Updated: Oct 6
Reiki Jin Kei Do is a specific lineage and branch of the energy-healing discipline of Reiki. Once often referred to as ‘the eastern lineage of Reiki’ (it clearly isn’t), it is a system that, uniquely amongst all traditions of Reiki, holds the originating esoteric Buddhist teachings that modern Reiki developed from. Another label for the lineage, again, no longer used is Usui Shin Kai, which means the heart or core teachings of Usui, and this label needs to be reinstated. Why? Because Reiki Jin Kei Do does indeed contain the teachings that are at the heart of the whole of modern Reiki: its esoteric Buddhist heart.
A Reiki Jin Kei Do class would in many ways be very similar to any other high-level traditional form of Reiki, with a lot of talk and practice of using the system as an energy-healing method. Reiki Jin Kei Do is much more than this, though. The whole method is built around a deep exploration and understanding of the practice of mindfulness meditation. Mindfulness is the foundation on which every single expression of Reiki is built, though most Reiki teachers are utterly unaware of this fact and don’t teach it. It’s a practice that I have explored in a great deal of depth in my book, Mindfulness Meditation and The Art of Reiki.
In any good Reiki practice if you are focusing on the energy-healing aspects of it and not meditating daily, your practice is profoundly out of kilter. Meditation keeps you grounded, and it keeps you balanced amongst other benefits, and it takes you to the heart of Usui’s system. Mikao Usui was the guy who developed the method that came to be known as Reiki in the first place.
Usui Shin Kai
So, what is the heart of Usui’s teachings? It’s a system called Buddho. Buddho is the name of the meditation that Usui performed on Mt Kurama that led to his enlightenment experience and then to the evolution of his system into an energy-healing practice. Buddho is more than just the name of a meditation practice, however. It’s a complete esoteric Buddhist method for the healing of body, mind and spirit that ultimately can open the door to the Absolute for the committed practitioner.
The Buddho system contains not only the Buddho meditation, but also a sophisticated Qi Gong practice called Chi Nadi. Talk to any of the leading authorities in the field of Reiki and they will tell you that Usui clearly drew on esoteric Buddhist Qi Gong practices in the development of his system. That is exactly what Chi Nadi is. The power of it is astonishing and it dovetails with the practice of the Buddho meditation. It utilizes not only the mindful movements of traditional Qi Gong and its awareness of energy as it moves through the subtle energy system but incorporates the use of complex Buddhist mantras (that relate directly to the Reiki symbols) and various visualisations.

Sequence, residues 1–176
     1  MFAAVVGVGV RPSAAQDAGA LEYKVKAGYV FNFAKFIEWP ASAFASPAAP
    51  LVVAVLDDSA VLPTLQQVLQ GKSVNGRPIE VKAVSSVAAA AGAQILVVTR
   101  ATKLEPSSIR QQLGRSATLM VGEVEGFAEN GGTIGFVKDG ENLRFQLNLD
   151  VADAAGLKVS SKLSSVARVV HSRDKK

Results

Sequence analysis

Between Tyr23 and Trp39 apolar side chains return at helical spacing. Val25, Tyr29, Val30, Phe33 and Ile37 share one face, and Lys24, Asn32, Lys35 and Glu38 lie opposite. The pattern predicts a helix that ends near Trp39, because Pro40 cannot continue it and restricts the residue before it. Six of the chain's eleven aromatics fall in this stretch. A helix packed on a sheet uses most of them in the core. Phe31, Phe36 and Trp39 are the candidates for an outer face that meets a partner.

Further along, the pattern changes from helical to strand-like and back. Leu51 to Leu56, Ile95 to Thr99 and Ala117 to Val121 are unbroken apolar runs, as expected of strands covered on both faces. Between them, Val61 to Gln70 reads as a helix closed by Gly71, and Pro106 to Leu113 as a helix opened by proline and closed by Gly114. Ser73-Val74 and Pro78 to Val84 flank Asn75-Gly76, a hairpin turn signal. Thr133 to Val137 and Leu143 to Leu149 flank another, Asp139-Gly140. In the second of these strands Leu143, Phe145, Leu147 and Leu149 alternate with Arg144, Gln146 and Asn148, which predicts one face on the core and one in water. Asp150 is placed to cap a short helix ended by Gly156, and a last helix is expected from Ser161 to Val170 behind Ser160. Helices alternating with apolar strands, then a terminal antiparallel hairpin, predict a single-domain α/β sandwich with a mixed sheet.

There are also sophisticated treatment methods within Buddho that extend and deepen the practice of hands-on healing in a way that is not available within the traditional Reiki canon.
Critically, the system also contains the precise origins of the Reiki symbols, their function as meditation aids, how they work in a healing context, and why.
Ranga Premaratna, the lineage head of Reiki Jin Kei Do:
“The Buddho method, which is the origin of Reiki Jin Kei Do clearly links the (Reiki) symbols and other teachings to its teachings. The advantage of Jin Kei Do is that it connects you to the teachings before and beyond Japanese Reiki; truly connecting to Sanskrit origins, mantras, yantras, symbols and meditation.”
Attacks on Reiki Jin Kei Do
Many years ago, prior to the publication of my book Reiki Jin Kei Do: The Way of Compassion and Wisdom, it was quite trendy to attack Reiki Jin Kei Do and dismiss its teachings as unsubstantiated nonsense. These days, Reiki Jin Kei Do just gets ignored.